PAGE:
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Article

Modelling of Consumption Shares for Small Wind Energy Prosumers

1
Institute of Technology, Estonian University of Life Sciences, Kreutzwaldi 56, EE51006 Tartu, Estonia
2
Canmet ENERGY Research Centre, Natural Resources Canada, 1 Haanel Drive, Ottawa, ON K1A 1M1, Canada
3
Department of Electrical Power Engineering and Mechatronics, Tallinn University of Technology, Ehitajate tee 5, EE19086 Tallinn, Estonia
4
Department of Solar Business, Eesti Gaas AS, EE10111 Tallinn, Estonia
5
Institute of Engineering Sciences, Pskov State University, 180000 Pskov, Russia
6
Estonian Centre of Industrial Mathematics, EE51009 Tartu, Estonia
*
Author to whom correspondence should be addressed.
Academic Editors: Raúl Baños Navarro and Alfredo Alcayde
Symmetry 2021, 13(4), 647; https://doi.org/10.3390/sym13040647
Received: 7 March 2021 / Revised: 29 March 2021 / Accepted: 9 April 2021 / Published: 11 April 2021
This article describes a simulation of energy distribution in an average household where electricity is produced with a small wind generator or purchased from the public electricity grid. Numerical experiments conducted within an average of five minutes were performed using annual production and consumption graphs. Virtual storage devices, a water tank and a battery were used to buffer energy inside the household. The energy required for non-shiftable consumption and hot water consumption were taken directly from the utility grid. Surplus energy remaining from wind generator production after providing for consumption and storage needs were redirected there. A cover factor was used as a measure of the efficiency of energy distribution. One of the aims of the article was to determine by simulations the change of the cover factor in a virtually designed situation where the expected energy output of the wind generator was known in advance over one to three hours. The results found that for the configuration of the proposed nanogrid option, the positive results were readily achieved when the expected wind generator production was known an hour ahead. Then, the cover factor increased from 0.593 to 0.645. The side result of using projected/expected production is an increase in asymmetrical energy exchanges bilaterally between nanogrid and utility grid in favour of grid sales. Another finding was that the cover factor depended on the wind generator’s production intensity but less on the intensity of consumption within the household.It is hoped/expected that future research will address the prediction of output using mathematical methods. View Full-Text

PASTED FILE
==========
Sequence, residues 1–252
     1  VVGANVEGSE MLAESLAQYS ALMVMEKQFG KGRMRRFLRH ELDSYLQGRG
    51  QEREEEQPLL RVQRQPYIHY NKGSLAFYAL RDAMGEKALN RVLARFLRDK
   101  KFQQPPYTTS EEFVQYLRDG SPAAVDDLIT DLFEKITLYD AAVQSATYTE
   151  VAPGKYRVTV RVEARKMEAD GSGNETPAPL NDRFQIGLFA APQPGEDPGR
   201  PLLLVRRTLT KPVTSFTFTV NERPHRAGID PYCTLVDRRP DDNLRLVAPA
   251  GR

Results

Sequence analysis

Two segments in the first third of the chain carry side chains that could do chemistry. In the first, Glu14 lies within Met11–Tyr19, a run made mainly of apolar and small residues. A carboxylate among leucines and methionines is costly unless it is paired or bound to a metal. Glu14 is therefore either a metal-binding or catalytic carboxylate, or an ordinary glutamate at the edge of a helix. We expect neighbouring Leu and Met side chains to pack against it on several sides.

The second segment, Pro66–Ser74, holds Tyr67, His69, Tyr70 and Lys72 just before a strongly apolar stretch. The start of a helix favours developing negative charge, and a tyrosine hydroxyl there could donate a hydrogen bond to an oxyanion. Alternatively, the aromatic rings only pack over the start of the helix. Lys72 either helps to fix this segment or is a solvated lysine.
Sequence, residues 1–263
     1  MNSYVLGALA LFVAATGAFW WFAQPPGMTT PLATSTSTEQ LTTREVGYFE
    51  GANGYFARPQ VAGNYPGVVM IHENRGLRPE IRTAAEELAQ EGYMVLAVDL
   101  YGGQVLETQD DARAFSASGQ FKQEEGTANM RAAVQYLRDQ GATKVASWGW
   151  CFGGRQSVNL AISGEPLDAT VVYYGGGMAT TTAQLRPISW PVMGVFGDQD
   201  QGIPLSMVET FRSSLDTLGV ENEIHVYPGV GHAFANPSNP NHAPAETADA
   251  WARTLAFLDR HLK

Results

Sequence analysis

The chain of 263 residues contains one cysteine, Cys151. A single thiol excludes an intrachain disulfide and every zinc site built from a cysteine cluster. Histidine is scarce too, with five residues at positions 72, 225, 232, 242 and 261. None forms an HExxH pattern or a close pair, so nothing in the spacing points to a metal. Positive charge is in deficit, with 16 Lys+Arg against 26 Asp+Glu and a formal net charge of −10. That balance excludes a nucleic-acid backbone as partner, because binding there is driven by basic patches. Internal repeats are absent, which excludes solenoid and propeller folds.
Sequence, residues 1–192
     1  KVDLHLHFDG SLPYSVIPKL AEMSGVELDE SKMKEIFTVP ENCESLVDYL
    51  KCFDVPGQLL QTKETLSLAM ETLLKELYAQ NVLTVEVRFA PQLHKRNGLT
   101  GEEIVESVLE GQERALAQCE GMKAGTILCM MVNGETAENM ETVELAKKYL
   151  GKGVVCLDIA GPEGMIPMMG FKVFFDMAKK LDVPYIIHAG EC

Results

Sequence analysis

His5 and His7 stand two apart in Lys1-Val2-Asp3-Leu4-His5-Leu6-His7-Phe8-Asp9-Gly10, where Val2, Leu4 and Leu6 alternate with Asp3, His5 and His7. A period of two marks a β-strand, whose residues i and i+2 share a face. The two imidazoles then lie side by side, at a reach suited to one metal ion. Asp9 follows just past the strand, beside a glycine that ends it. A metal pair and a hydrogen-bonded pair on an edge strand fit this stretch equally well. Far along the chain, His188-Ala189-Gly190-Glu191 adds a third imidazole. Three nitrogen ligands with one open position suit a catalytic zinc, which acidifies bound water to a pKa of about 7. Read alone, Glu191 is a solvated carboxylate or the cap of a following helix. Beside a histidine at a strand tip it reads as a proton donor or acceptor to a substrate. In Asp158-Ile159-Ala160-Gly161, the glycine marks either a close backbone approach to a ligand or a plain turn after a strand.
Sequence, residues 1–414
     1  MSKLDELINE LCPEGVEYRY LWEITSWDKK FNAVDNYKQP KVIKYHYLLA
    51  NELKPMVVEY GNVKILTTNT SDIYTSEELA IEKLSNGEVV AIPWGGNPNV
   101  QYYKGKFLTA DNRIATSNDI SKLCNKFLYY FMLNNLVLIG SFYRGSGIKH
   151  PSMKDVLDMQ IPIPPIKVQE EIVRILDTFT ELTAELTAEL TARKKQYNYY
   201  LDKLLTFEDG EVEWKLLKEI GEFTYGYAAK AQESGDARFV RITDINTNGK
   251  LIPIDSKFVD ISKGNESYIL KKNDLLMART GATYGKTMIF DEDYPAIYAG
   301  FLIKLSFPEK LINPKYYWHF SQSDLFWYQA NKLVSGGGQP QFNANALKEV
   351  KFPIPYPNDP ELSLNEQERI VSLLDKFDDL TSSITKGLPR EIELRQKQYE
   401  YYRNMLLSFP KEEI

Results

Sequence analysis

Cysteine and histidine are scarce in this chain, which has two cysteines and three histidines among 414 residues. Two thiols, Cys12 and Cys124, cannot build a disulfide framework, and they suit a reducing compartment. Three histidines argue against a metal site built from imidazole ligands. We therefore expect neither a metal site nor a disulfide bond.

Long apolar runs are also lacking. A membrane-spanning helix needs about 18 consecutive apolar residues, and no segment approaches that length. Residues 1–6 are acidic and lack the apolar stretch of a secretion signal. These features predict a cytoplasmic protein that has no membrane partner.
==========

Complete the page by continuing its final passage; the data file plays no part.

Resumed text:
Keywords: self-consumption; cover factor; load shifting; energy storage; wind energy; simulation; green energy; nanogrid; water heater; battery self-consumption; cover factor; load shifting; energy storage; wind energy; simulation; green energy; nanogrid; water heater; battery
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MDPI and ACS Style

Annuk, A.; Yaïci, W.; Blinov, A.; Märss, M.; Trashchenkov, S.; Miidla, P. Modelling of Consumption Shares for Small Wind Energy Prosumers. Symmetry 2021, 13, 647. https://doi.org/10.3390/sym13040647

AMA Style

Annuk A, Yaïci W, Blinov A, Märss M, Trashchenkov S, Miidla P. Modelling of Consumption Shares for Small Wind Energy Prosumers. Symmetry. 2021; 13(4):647. https://doi.org/10.3390/sym13040647

Chicago/Turabian Style

Annuk, Andres, Wahiba Yaïci, Andrei Blinov, Maido Märss, Sergei Trashchenkov, and Peep Miidla. 2021. "Modelling of Consumption Shares for Small Wind Energy Prosumers" Symmetry 13, no. 4: 647. https://doi.org/10.3390/sym13040647

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